By Tim Hawkins / Guest Editorial
Estimating expenses over the duration of one’s retirement is a fundamental part of retirement planning.
Yet, there’s surprisingly little agreement among financial planners about spending behaviors. Some suggest that retirement spending increases as clients age, due to accumulating health-care expenses. Others suggest expenditures decrease as retirees reduce their spending in areas such as travel and entertainment. Still, others suggest retirement spending stays relatively level and simply keeps pace with inflation.
The long-term impact of inflation is a fundamental risk for retirees. Yet most individuals never adjust their portfolio withdrawals each year for inflation. Instead, the checking account bears the brunt of inflation which means funds need to be replenished. To determine how much inflation you are experiencing, you must look at changes in the checking/savings account balances over time, preferably over one year.
A recent article by Wade Pfau, director of the macroeconomic policy program at the National Graduate Institute for Policy Studies in Tokyo, Japan, examined the question of, “How do spending needs evolve during retirement?” It concluded that most people’s spending patterns change during the course of retirement. Expenses look very different at age 90 than at age 65.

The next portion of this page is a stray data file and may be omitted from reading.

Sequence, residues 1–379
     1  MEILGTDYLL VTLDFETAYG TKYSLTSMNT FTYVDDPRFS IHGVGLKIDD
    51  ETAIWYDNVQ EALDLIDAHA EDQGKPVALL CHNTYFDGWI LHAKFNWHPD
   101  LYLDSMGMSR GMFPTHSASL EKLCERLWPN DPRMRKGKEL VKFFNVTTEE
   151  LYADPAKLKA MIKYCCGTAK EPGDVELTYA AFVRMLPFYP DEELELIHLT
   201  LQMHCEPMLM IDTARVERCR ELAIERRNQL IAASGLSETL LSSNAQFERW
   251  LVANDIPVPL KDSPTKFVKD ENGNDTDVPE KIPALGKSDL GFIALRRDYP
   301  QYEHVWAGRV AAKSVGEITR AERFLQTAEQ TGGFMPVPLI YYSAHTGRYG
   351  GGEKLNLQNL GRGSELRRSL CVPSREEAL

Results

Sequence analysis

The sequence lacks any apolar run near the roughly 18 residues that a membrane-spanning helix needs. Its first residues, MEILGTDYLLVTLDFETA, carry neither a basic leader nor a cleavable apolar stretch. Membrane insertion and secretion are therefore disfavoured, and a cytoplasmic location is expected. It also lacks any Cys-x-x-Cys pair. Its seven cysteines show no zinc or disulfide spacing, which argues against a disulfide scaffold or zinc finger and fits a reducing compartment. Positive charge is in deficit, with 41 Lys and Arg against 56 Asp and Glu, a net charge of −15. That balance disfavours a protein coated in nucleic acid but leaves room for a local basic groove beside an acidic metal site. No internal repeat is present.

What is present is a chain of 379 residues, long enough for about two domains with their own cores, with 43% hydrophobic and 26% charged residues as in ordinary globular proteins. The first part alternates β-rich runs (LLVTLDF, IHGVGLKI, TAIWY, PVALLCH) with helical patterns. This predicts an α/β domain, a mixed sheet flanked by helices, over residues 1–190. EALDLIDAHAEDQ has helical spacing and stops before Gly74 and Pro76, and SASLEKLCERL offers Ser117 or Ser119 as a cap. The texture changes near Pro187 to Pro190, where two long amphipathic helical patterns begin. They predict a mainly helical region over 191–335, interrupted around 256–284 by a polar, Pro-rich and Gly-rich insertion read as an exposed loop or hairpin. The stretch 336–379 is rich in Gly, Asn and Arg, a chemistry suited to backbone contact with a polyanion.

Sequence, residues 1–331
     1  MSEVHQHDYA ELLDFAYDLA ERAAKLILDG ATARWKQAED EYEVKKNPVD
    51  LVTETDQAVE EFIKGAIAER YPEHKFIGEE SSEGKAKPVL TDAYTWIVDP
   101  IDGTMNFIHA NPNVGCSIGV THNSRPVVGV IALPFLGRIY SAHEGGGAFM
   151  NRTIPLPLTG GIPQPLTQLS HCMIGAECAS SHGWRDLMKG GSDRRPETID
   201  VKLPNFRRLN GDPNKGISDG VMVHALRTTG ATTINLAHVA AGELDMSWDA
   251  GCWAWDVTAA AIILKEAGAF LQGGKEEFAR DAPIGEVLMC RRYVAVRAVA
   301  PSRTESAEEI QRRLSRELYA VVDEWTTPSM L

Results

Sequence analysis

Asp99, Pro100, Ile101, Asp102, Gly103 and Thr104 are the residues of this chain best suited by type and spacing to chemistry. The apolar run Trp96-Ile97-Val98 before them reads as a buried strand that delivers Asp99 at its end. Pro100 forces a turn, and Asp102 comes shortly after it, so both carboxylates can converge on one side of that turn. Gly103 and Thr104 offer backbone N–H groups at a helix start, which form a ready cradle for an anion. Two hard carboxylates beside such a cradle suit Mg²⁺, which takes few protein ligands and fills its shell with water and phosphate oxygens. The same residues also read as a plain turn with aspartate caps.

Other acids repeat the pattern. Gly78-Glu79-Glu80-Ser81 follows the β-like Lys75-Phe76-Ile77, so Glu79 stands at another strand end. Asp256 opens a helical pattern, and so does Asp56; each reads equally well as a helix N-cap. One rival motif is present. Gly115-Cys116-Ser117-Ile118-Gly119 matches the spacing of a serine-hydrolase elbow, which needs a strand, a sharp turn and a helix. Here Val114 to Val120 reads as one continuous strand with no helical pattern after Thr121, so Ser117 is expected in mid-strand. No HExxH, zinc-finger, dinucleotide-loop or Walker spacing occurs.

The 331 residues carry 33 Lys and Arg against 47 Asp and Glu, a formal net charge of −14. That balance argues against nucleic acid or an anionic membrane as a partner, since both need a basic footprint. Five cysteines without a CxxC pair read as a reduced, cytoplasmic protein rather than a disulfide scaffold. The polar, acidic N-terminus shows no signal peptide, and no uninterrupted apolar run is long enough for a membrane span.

He cites a paper by Californian Lutheran University professor Somnath Basu, “Age Banding: A Model for Planning Retirement Needs,” which discussed post-retirement spending patterns. Mr. Basu considered a 30-year retirement divided into three 10-year intervals. Rather than assuming a constant rate of inflation for expenses in retirement, he divides spending into four general categories: taxes, basic needs, health care and leisure. Within these categories, he investigated the spending patterns by age and made allowances for differential inflation rates among these categories.
For example, he noted retirees spend more on leisure (7 percent inflation rate) in the early part of retirement and more on health care later. Health-care expenses, which had an inflation rate of 7 percent, were adjusted upward by 15 percent at age 65, 20 percent at 75, and 25 percent at 85. Taxes and basic living expenses were assigned an inflation rate of 3 percent, and 7 percent for health care and leisure.
This methodology provides a useful tool for planning long-term retirement budgets. Having a system to track your expenses is a must. Make it a habit each year to review where your money is going and what increased and decreased so that you can best plan for your retirement.
Tim Hawkins is founder and CEO of Hawkins Wealth Management, 2771 Oakdale Blvd., Ste. 1, Coralville. He can be reached at (319) 626-3580, (888) 338-9726 or email@example.com.